Blur the Physical and Digital Lines for an Unforgettable Customer Experience


Share on LinkedIn

The lines between the digital and physical worlds are getting blurrier every day. Consumers can now pull out their smartphones and do virtually anything — from shopping to dating.

But to reach those consumers, today’s digital experiences have to evoke an emotional reaction — they must extend beyond technology, interactive widgets, and provocative descriptions. Recently, I’ve been playing around with the idea of “the curve of terrible experience.” It’s my own playful take on the digital industry’s past, present, and future. Check it out:


Clearly, we’ve seen a lot of growth in technology over the past 15 years — growth that drove new ways to engage with digital content but had no real consideration for the user. But everything changed with the rise of experiential design; suddenly, customer experience became top of mind for decision makers. As we use imaginative ways to continually improve the customer experience, we need to consider these points:

1. Make the intangible tangible. Successful digital experiences must be authentic. As the physical and digital worlds begin to look more and more alike, consumers will gravitate to consistency and authenticity in branding. The further a brand extends on either side of the boundary, the stronger it is. That means we need an authentic style, tone, voice, and experience — regardless of when, where, and how consumers interact with our brands.

For example, Amazon Echo responds to the name “Alexa” and becomes part of consumers’ lives. A cloud-based digital assistant driven by artificial intelligence and natural language, Alexa personifies the Amazon brand and is surprisingly human.

This is where the bar is being set. I don’t need to open my computer, type an address, and search for a product to add it to my shopping list. I just say, “Alexa, add apples to my shopping list.” When I go to the supermarket, I don’t fill out forms or use interfaces to find apples, so why should I do that in a digital marketplace? Adapting to this shift isn’t a choice; it’s a necessity.

2. Tap into the technology toolbox. Connect physical interactions to digital profiles to better understand customers. Using sensors, analytics, and location information, we can gain an important understanding of the hyperlocal context of each transaction.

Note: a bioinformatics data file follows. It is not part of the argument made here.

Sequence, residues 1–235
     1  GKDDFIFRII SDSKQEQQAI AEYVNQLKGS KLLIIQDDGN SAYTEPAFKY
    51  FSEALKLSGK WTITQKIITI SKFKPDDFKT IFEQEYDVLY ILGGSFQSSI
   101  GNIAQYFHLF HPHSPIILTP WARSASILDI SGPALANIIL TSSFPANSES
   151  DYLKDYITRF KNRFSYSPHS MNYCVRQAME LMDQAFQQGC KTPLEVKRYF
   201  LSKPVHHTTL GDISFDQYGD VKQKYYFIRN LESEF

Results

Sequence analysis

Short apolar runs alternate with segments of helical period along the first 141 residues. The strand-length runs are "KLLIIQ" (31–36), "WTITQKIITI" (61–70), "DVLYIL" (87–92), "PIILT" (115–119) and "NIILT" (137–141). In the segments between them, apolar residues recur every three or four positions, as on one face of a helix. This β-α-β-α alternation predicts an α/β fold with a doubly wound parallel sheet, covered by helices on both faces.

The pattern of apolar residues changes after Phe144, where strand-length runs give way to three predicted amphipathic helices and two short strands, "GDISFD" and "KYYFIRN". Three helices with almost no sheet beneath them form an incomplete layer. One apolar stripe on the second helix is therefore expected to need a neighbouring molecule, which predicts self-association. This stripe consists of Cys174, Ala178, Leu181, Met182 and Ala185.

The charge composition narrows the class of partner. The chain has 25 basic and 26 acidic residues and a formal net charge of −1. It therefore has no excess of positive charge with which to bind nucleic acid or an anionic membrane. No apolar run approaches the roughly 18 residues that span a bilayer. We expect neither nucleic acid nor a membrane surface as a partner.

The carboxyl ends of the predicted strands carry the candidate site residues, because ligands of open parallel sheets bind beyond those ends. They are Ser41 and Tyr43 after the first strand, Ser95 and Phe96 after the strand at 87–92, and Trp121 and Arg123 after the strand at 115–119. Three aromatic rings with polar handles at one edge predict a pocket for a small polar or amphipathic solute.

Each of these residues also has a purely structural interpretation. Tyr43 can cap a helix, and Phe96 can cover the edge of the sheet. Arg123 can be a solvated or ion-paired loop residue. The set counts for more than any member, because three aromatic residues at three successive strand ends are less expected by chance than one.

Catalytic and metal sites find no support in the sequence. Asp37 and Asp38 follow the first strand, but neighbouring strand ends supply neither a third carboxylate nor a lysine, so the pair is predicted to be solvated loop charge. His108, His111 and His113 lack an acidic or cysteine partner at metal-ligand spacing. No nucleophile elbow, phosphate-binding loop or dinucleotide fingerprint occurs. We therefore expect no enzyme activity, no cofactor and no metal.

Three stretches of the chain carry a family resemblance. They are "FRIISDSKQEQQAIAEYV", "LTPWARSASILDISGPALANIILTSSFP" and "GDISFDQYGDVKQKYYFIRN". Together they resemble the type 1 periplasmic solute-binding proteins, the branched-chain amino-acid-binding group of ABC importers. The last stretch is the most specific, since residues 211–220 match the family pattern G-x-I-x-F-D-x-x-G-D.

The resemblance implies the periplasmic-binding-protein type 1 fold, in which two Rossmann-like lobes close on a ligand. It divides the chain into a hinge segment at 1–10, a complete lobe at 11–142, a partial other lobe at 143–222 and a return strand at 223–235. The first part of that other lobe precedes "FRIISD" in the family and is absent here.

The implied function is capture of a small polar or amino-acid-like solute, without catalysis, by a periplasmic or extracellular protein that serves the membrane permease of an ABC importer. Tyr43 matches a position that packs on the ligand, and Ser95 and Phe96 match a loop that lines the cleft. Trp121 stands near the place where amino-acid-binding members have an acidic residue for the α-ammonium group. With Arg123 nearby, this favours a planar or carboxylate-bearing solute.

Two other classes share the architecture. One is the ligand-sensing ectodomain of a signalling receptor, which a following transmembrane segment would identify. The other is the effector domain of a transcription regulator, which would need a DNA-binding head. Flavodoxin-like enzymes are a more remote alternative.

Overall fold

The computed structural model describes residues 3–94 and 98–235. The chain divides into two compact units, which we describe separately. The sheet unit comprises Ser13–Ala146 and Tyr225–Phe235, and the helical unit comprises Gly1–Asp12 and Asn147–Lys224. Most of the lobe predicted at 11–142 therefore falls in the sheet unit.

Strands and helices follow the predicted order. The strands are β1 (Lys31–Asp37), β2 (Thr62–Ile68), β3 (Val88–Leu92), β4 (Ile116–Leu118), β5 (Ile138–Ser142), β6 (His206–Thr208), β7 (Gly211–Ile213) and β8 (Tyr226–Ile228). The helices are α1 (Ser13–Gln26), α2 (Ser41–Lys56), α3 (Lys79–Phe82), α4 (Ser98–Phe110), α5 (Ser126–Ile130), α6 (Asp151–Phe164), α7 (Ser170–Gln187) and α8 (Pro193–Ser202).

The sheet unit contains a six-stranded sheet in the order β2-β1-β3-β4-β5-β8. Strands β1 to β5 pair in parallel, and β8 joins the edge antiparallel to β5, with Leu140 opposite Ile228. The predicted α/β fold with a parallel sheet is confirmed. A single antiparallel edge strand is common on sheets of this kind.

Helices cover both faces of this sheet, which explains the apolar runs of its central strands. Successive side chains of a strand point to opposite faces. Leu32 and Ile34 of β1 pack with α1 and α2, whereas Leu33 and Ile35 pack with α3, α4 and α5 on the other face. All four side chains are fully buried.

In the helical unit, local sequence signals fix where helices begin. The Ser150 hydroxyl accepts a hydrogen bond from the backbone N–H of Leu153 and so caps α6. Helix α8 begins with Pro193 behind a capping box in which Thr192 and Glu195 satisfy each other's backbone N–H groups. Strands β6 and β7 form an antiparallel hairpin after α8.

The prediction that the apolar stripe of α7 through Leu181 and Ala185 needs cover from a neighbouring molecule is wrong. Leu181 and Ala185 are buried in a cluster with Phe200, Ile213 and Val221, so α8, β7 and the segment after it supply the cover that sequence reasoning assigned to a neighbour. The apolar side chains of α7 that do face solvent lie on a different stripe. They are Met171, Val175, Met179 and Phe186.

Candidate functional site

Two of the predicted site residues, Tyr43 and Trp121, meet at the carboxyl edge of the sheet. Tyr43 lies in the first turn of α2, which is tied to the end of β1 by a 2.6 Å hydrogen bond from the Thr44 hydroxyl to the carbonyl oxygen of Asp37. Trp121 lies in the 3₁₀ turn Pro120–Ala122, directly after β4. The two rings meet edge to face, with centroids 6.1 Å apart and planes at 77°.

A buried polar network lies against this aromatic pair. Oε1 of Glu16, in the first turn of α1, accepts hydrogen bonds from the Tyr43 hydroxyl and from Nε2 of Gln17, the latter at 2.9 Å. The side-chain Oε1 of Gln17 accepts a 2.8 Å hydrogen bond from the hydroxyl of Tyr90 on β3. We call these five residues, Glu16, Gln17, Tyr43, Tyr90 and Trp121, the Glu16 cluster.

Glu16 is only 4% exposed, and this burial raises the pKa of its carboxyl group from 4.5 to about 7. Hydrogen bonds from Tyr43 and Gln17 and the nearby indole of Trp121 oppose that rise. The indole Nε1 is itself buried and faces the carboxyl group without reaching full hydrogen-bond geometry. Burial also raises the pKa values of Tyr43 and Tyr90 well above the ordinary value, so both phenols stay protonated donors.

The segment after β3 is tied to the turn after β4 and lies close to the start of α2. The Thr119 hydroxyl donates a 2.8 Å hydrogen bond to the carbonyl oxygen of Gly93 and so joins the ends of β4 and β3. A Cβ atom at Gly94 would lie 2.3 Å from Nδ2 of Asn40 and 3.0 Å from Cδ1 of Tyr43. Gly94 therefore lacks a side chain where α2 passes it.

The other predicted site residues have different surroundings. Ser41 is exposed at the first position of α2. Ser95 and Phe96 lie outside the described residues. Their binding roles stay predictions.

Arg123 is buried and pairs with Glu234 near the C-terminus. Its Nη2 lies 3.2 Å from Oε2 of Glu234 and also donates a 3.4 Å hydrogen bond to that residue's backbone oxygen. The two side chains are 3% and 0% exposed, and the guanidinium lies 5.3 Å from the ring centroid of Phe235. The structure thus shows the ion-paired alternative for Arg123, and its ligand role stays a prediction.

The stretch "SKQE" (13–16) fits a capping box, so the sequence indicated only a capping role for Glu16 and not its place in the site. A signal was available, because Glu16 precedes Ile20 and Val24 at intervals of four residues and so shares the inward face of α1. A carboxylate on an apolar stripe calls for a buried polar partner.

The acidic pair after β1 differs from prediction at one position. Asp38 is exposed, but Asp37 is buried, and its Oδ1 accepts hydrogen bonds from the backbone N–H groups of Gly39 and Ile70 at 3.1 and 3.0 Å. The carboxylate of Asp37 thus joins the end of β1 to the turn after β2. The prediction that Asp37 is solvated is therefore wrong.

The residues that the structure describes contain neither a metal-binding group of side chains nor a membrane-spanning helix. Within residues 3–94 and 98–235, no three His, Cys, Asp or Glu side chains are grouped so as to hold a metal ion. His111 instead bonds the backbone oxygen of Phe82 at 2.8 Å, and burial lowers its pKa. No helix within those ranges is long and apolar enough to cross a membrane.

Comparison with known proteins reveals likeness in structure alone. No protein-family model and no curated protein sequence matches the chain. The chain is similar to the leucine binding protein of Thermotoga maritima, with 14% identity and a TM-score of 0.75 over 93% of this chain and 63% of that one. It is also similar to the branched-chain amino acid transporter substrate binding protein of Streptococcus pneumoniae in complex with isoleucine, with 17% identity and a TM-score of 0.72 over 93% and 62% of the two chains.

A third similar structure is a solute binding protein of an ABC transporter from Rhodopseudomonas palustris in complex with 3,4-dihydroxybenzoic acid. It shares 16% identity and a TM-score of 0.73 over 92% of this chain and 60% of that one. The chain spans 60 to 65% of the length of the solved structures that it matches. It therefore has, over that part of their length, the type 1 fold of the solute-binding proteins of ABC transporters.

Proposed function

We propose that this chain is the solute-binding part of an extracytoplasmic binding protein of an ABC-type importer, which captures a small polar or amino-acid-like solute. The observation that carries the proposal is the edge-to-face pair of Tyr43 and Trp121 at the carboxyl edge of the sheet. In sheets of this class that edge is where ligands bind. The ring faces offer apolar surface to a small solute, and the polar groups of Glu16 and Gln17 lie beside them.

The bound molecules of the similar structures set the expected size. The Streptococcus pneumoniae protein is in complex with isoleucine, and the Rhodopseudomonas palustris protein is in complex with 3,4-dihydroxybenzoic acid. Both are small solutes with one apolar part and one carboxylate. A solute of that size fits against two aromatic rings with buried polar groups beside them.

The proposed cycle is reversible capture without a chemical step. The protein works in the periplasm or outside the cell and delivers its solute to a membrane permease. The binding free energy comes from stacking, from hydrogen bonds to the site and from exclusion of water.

To make the process easier, there are many tools available. Estimote, for instance, has an amazing platform for contextual computing that gives us the hardware to connect a product to digital. It will tell me how long a shopper is pondering a purchase. Then it will utilize a digital experience to connect to him right there or build a wish list in the app.

3. Be imaginative. Anyone who tells me the digital age takes away from creativity and imagination clearly doesn’t understand the empowering nature of technology. New interfaces allow us to personify the consumer experience in increasingly customized ways — we need to use our imagination to capitalize on this.

Three years ago, I started a company to change the way surfboards are designed and built. Surfboards, after all, are like suits — they must be tailored to our bodies. We had to create a connection across the digital and physical boundaries, and we did it with a combination of personal profile data, sensor-based telematics, and a digital customer experience that focused on the emotional qualities of the surfing lifestyle.

4. Lose the Big Brother mentality. Predictive experiences are powerful mechanisms for creating surprising moments that leave real impressions. Yet there’s still a lingering sense that predictive experiences somehow invade individual privacy and diminish the customer experience. That’s not true. Privacy is a balance, and when there’s a benefit of sharing information, people are happy to do so. Our world is moving toward intelligent experiences that will make interfaces invisible and interactions as simple as saying “yes.”

As the digital and physical worlds collide, we must create customer interactions that encourage communication across boundaries. The more invisible the experience becomes, the more disbelief is suspended. It’s not about marketing, descriptions, or details — it’s about absolute immersion. It’s what technology is enabling, and it’s what customers demand.

Shanon Marks
Shanon Marks is the Chief Innovation Officer at MU/DAI. His work focuses on the application of emerging technology and harvested data to augment and improve the human experience, accelerating the market through innovation and emerging technology. He simplifies technology through design, leveraging the analytical power of digital to create predictive and invisible experiences. He's constantly searching for the innovations that will fundamentally improve our lives and our planet.


Please use comments to add value to the discussion. Maximum one link to an educational blog post or article. We will NOT PUBLISH brief comments like "good post," comments that mainly promote links, or comments with links to companies, products, or services.

Please enter your comment!
Please enter your name here